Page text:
Aside from the apparent environmental benefits, making the switch to an electric car can also provide businesses and individuals with electric car tax credit benefits and incentives.
In 2018 the UK government released its Road to Zero strategy, outlining a view to see at least of new vehicles to be ultra-low emission by 2030 and the production of petrol and diesel vehicles to cease by 2040.
However electric vehicles remain substantially more expensive than their diesel and petrol counterparts, so the government has to incentive the switch to electric while consumers wait for cost parity between electric and traditional cars.
There are various electric car tax credit benefits of owning an electric vehicle, spanning benefit in kind (BIK), vehicle excise duty (VED), capital allowances, and salary sacrifice regimes.
In July, the UK government announced that all zero emission company cars will not be required to pay benefit-in-kind (BIK) tax for 2020/21.
HM Treasury published its decision following its review of the Worldwide Harmonised Light Vehicle Test Procedure (WLTP) emissions regulations last year. “The introduction of WLTP provides an opportunity to strengthen the link between the vehicle tax system and the true environmental impact of car purchasing decisions, allowing consumers to make more informed decisions between model variations,” read the review.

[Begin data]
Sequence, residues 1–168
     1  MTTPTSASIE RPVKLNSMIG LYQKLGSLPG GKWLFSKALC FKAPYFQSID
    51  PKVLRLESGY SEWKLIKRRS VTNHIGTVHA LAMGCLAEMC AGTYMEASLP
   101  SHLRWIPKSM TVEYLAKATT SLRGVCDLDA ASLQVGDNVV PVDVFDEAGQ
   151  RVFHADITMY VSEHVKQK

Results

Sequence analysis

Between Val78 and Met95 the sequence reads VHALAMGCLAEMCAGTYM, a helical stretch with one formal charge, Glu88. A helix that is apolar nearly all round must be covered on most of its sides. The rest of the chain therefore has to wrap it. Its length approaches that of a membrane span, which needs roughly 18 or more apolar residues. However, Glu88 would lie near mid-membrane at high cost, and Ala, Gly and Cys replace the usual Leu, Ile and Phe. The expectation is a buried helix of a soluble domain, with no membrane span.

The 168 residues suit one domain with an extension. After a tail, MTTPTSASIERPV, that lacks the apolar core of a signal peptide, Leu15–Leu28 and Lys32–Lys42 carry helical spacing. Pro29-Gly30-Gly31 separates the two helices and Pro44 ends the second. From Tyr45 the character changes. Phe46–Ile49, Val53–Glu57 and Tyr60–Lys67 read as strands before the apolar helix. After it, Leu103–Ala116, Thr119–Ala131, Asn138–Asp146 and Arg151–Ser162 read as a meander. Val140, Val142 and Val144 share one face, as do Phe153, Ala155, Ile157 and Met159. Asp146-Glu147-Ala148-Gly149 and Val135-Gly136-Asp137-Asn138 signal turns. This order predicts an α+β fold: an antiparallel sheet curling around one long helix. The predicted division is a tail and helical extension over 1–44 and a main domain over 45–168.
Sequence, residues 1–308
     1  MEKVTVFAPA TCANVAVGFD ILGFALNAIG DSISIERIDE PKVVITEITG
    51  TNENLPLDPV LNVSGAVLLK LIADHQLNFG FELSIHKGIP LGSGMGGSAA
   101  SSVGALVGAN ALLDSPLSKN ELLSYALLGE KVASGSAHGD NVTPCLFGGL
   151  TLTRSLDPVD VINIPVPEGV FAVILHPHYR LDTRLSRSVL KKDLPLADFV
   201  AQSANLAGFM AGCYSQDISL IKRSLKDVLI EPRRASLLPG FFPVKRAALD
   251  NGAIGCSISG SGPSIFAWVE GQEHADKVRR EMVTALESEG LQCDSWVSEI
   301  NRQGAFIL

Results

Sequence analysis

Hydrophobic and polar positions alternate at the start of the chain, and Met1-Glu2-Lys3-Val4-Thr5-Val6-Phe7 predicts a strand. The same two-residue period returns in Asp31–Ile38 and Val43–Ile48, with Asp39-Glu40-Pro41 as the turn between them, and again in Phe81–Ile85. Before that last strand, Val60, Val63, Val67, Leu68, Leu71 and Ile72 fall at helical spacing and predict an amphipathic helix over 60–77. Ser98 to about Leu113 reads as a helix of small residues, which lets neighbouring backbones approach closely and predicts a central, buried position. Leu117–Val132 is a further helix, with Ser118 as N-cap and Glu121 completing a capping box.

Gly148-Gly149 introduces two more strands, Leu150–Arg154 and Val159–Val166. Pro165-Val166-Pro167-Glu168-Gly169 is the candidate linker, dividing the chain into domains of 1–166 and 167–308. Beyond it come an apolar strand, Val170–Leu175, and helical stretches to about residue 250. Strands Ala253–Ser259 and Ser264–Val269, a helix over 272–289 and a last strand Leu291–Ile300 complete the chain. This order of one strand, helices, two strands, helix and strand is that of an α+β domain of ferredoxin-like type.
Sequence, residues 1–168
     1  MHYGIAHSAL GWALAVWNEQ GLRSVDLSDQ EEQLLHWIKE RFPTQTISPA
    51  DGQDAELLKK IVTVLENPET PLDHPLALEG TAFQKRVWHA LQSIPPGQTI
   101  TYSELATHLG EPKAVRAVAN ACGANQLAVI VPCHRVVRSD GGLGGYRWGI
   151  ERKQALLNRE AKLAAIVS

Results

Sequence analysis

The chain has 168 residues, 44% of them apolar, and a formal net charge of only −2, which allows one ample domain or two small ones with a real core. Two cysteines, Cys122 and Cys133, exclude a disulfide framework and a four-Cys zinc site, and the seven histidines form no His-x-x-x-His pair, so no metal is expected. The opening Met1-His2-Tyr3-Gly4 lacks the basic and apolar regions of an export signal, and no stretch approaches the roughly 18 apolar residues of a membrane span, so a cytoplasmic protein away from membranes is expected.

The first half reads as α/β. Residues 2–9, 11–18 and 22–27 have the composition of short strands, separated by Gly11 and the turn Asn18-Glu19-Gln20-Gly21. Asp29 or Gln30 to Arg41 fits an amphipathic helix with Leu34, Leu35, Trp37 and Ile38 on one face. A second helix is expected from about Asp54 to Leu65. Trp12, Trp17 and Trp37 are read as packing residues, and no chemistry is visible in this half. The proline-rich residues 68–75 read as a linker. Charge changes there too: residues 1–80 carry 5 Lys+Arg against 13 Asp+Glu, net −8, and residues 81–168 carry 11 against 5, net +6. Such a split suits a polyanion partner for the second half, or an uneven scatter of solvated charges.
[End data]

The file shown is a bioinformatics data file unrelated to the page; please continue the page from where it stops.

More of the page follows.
The new rules state that most appropriate percentages will be reduced by two percentage points in 2020/21 before returning to planned rates over the following two years. This applies to company cars first registered from 6 April 2020.
All zero emission company cars will pay zero BIK tax in 2020/21, 1% in 2021/22, before returning to the planned 2% rate in 2022/23. The tax reductions will also be extended to vehicles registered prior to 6 April.
A statement from the government read: “The vehicle tax system plays an important role in supporting our ambition for all new cars sold to be effectively zero emission by 2040 and to help achieve our legally binding climate change objectives.
“However, the government recognises that WLTP represents a significant change to the vehicle tax system and is aiming to support the automotive sector – and protect consumers – during the transition.”
Jay Palmer, director of policy and membership at the BVRLA, said the announcement represents a positive for the market: “Recognising the value of the company car market in supporting the transition to zero emission technology is also a positive endorsement for our sector, showing refreshing alignment between government’s environmental and fiscal policies.”
“The Treasury is giving back some of the unfair Company Car Tax windfall it was set to receive as a result of WLTP and providing some essential extra visibility on future tax costs for those looking to order their next vehicle.”